If you’re a business owner, you have a responsibility to look out for your employees and the bottom line. One way to make sure both of those needs are met is to ensure that you have the right kind of business insurance.

Business insurance protects your company from financial hardship should disaster occur, such as:

  • Your business could experience property damage from a fire.
  • A customer could slip and fall on your business’s property and sue your company.
  • An employee could have an accident while on the job and demand payment for lost wages.

If one of those events or another unexpected calamity were to happen, would your business be able to survive? Business insurance keeps you from having to answer that difficult question.

While it may be easy to see why business insurance could be helpful, it may be more difficult to determine what type of business insurance you need. Some insurance coverage is geared toward certain types of businesses. For example, key employee insurance provides compensation to a business if a key member of the staff is injured or dies. Say you have a salesperson that’s responsible for more than half of your company’s business. If that person were to die, there’s a chance that many of your company’s clients would take their business elsewhere. Key employee insurance could provide you with financial resources to sustain the loss of that top salesperson. If your business is primarily made up of entry level employees you may not need such a policy. While it’s always wise to discuss your options with an insurance agent or broker, here are five types of coverage that every business owner should consider.

Property damage coverage. If your business is destroyed by a tornado or some other type of disaster, not only would you no longer have a place to do business, but you’d possibly lose equipment, inventory and other important possessions. Property damage coverage makes sure you have the money you need to rebuild, as well as the funds necessary to replace any items that were lost.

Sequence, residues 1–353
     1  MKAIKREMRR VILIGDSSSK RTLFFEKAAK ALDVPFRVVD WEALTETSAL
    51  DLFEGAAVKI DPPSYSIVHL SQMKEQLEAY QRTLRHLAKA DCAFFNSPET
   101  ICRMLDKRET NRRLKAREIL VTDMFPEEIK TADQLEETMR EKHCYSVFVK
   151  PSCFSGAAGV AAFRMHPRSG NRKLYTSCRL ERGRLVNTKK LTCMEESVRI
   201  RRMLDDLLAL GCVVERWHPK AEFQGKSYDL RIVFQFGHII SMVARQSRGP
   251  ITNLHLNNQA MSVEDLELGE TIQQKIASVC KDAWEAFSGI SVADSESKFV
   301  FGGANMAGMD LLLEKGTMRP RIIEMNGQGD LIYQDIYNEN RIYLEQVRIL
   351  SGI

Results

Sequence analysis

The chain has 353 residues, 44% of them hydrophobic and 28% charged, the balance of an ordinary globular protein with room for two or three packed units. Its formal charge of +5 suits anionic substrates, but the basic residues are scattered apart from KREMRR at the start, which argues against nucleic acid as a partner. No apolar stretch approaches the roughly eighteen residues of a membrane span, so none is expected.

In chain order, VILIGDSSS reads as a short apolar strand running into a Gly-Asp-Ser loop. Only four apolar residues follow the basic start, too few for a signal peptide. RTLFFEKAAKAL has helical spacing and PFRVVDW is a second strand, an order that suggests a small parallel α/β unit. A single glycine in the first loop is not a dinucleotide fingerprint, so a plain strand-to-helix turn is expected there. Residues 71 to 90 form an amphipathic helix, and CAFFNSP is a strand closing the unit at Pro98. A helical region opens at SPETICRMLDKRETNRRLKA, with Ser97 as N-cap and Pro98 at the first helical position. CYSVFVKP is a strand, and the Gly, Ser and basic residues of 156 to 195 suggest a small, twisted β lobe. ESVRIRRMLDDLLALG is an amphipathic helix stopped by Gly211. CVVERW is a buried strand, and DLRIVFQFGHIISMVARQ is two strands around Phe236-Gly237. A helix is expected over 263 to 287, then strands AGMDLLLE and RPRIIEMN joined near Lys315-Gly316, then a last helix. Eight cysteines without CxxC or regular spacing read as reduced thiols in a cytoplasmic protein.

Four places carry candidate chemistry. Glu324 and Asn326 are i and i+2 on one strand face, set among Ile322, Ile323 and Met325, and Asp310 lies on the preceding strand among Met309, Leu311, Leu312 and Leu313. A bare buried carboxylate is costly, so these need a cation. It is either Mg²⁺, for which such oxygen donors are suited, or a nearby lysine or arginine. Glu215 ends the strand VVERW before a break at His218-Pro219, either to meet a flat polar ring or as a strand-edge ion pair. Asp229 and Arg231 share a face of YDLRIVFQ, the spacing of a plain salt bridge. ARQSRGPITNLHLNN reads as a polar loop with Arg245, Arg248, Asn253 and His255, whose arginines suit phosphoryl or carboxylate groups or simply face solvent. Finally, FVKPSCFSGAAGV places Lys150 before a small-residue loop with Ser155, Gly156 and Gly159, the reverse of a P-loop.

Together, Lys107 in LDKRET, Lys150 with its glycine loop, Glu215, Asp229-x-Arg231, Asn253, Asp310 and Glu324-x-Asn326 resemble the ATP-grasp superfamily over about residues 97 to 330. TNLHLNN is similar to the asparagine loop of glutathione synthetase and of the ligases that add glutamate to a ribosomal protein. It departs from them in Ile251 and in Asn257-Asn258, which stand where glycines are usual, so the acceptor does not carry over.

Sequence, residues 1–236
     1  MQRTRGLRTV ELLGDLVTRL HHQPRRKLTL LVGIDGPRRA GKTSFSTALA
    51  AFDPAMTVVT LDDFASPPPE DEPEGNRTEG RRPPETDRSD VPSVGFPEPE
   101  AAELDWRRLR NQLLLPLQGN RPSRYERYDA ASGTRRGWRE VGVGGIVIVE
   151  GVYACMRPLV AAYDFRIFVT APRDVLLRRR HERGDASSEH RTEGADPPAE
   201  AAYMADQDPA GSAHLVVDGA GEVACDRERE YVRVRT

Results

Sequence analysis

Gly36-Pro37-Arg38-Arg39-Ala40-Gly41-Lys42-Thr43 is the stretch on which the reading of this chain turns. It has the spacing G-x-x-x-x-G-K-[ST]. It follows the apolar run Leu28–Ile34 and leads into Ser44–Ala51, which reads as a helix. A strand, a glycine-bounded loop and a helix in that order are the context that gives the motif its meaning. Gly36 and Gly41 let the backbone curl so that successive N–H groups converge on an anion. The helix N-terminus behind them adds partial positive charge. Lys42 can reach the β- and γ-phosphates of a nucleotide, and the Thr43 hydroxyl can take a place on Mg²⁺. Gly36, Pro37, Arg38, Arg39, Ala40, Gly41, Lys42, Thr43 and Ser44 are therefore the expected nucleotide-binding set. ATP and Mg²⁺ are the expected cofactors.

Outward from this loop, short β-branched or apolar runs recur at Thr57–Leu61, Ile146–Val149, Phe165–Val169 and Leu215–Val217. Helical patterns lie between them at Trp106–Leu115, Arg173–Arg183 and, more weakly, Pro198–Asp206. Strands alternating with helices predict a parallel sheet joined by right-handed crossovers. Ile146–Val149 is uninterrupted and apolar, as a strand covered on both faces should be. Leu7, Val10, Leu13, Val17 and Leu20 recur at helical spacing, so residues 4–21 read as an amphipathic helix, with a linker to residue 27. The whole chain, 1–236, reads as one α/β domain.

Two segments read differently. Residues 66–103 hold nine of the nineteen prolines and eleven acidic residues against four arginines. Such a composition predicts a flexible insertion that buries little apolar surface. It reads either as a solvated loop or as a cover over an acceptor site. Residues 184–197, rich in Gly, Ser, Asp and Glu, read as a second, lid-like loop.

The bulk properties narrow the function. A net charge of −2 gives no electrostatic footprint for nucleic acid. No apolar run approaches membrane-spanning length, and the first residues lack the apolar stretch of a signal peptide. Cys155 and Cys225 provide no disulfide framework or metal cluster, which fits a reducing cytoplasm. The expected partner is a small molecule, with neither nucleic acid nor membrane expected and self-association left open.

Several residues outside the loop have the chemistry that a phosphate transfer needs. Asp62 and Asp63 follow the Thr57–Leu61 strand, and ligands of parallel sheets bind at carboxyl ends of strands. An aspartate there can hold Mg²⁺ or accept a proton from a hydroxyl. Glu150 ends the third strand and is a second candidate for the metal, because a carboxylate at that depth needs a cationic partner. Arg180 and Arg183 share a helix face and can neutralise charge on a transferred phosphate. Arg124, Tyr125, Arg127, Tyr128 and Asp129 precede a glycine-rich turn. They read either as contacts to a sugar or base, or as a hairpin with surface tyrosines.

Liability insurance. If you think you’re not in danger of being sued, consider this: American small businesses collectively spent more than $105 billion on lawsuits in 2008 alone, according to the Institute for Legal Reform. A customer could claim that a product caused him harm, and then decide to sue the business. Another customer could say that your business’ slippery floor made her fall. Liability insurance can provide money for damages, attorneys’ fees and even medical bills if your business is found liable.

Business auto insurance. Just as you need car insurance to pay for damages if you cause an accident in your personal life, you might need business auto insurance to provide coverage for any vehicles owned by your business. Business auto insurance would pay for damages or injuries caused by you or your employees when they were driving on company time.

Workers’ compensation insurance. If an employee gets hurt while on the job, your business could be found liable for damages, as well as lost wages if the employee cannot work due to injury. Workers’ compensation insurance will pay for medical bills, as well as lost wages – typically a percentage of the employee’s salary — in this scenario regardless of who ultimately turns out to be at fault. While many types of business insurance are optional, this may not be one of them, depending upon how big your company is and where you live. According to the Insurance Information Institute, employers in all states except Texas must have workers’ compensation insurance when they have a state-specified minimum number of employees, ranging from three to five.

An umbrella policy. If you work from home, don’t make the mistake of thinking that your home insurance policy will cover all of your business losses, says Lolita Scesnaviciute Guarin, author of “Be Insurance Savvy: Home, Auto, Dwelling, Renter’s, Flood and other Personal Insurance Explained.”

While you may not need a business liability or property damage policy, consider buying an umbrella policy, which provides coverage beyond your standard home insurance policy. You can also buy an umbrella policy that will provide coverage beyond a standard business liability policy.